. While there was always a level of depth to the Peter Parker/Spidey character that helped make him the pop culture phenomena that he is today, this issue really drove home the idea that underneath the red and blue suit, Spider-Man is totally human. And not just any kind of human, but an honest-to-god teenager with rapid-fire emotions. When I look back at some of the earliest issues of ASM, there’s a very cartoony, pulp-fiction element to the dialogue. You see Spider-Man swinging around NYC, a villain is introduced, seems opposing at first, but Spider-Man still emerges on top at the end.
In ASM #33, the issue starts with Spider-Man pinned under thousands of pounds of heavy machinery after a fight-do-death with one of his all-time great enemies, Doctor Octopus. Peter’s Aunt May (and caretaker) is dying (one of many times in the history of the comic), and the serum he needs to save her is just out of reach. While he’s trapped, Peter/Spidey has visions of his Aunt and his Uncle Ben, who is killed in the Spider-Man origin story
after Spidey willfully neglects to apprehend a petty thief (you see, the thief goes on to kill Uncle Ben). Spider-Man knows unless he can lift this heavy, impossible load off his back, his Aunt will die in vain, like Uncle Ben before her.
But Spider-Man overcomes the insurmountable odds. Yeah, superheroes almost always find a way to do that, but this time it seemed to matter more. It took every last bit of resolve and strength for Spider-Man to get out alive and save the day. More importantly, it took a level of acceptance that Peter/Spidey had never demonstrated before. Something that’s always been great about the Spider-Man character is how unwilling of hero he’s always been. He initially donned the costume to win some cash as an anonymous masked freak, but when his Uncle is killed, Peter is struck by his Uncle’s parting advice: “With great power comes great responsibility.” In ASM #33 we get the answer to the question first posed two issues earlier: Is being Spider-Man really part of Peter’s destiny? Yes. It’s unavoidable, and Peter’s reluctant, but if he channels his powers correctly, he can overcome any odds. I don’t care how dumb you think comic books may be – there’s a kind-of poetry in that level of inspiration.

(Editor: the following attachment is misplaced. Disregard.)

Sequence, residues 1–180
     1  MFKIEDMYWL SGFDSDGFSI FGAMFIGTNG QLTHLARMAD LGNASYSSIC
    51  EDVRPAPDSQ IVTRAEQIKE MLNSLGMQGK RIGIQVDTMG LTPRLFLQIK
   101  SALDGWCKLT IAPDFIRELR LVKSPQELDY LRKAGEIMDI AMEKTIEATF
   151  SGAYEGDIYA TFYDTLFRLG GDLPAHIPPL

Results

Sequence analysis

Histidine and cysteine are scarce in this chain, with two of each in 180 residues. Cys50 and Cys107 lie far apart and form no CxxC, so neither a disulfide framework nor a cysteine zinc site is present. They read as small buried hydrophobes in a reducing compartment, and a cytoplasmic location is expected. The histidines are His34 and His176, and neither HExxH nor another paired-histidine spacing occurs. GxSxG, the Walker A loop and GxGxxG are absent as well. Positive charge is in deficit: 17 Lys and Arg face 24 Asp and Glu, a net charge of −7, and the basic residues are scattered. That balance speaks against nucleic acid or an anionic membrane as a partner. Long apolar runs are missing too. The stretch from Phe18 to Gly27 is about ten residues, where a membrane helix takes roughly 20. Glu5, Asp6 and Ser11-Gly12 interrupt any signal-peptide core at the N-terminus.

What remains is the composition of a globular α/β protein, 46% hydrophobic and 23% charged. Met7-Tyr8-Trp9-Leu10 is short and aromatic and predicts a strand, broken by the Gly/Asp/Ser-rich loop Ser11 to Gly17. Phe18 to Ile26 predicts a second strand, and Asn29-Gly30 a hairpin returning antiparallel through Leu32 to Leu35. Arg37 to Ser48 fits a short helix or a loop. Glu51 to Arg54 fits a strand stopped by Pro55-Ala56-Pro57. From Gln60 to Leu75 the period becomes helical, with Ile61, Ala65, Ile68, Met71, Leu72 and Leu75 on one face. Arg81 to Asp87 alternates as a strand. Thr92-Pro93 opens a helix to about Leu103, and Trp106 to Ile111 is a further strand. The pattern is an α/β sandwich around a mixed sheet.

People unfamiliar with early Spider-Man history, but familiar with the movies may have remembered the storyline of this issue being adapted in Spider-Man 2 (the best of the three Spidey movies in my opinion). Earlier in the movie, Peter has “quit” being Spider-Man but is goaded back into action when Doctor Octopus continues to torment him, his family and his girlfriend Mary Jane. Of course the movie gives Spider-Man’s big triumph a more visually stunning edge – making him stop a moving subway train from falling over the edge of the tracks. So maybe the movie is only “loosely” based on this comic book arc, but you can see the connections, can’t you?
Bottom line, it’s a famous issue, with a ton of pop culture relevance, and thanks to online shopping, it’s now in my possession. Harkening back to my robo-collecting, the other two issues, ASM 47 and 48 where more or less acquired because they are a means to the end. But ASM #33 is an important one to me. So perhaps I have a pulse after all.